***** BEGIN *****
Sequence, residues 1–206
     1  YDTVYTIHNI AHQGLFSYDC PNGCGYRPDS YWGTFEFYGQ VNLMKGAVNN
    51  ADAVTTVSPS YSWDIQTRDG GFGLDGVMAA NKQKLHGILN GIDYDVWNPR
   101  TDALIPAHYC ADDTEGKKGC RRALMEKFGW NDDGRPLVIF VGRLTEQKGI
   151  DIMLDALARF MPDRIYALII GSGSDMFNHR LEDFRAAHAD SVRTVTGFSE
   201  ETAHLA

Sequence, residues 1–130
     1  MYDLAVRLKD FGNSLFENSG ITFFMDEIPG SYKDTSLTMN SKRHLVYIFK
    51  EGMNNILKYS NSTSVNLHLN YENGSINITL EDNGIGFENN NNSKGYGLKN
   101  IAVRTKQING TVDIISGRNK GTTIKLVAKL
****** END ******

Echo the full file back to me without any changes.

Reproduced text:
Sequence, residues 1–206
     1  YDTVYTIHNI AHQGLFSYDC PNGCGYRPDS YWGTFEFYGQ VNLMKGAVNN
    51  ADAVTTVSPS YSWDIQTRDG GFGLDGVMAA NKQKLHGILN GIDYDVWNPR
   101  TDALIPAHYC ADDTEGKKGC RRALMEKFGW NDDGRPLVIF VGRLTEQKGI
   151  DIMLDALARF MPDRIYALII GSGSDMFNHR LEDFRAAHAD SVRTVTGFSE
   201  ETAHLA

Sequence, residues 1–130
     1  MYDLAVRLKD FGNSLFENSG ITFFMDEIPG SYKDTSLTMN SKRHLVYIFK
    51  EGMNNILKYS NSTSVNLHLN YENGSINITL EDNGIGFENN NNSKGYGLKN
   101  IAVRTKQING TVDIISGRNK GTTIKLVAKL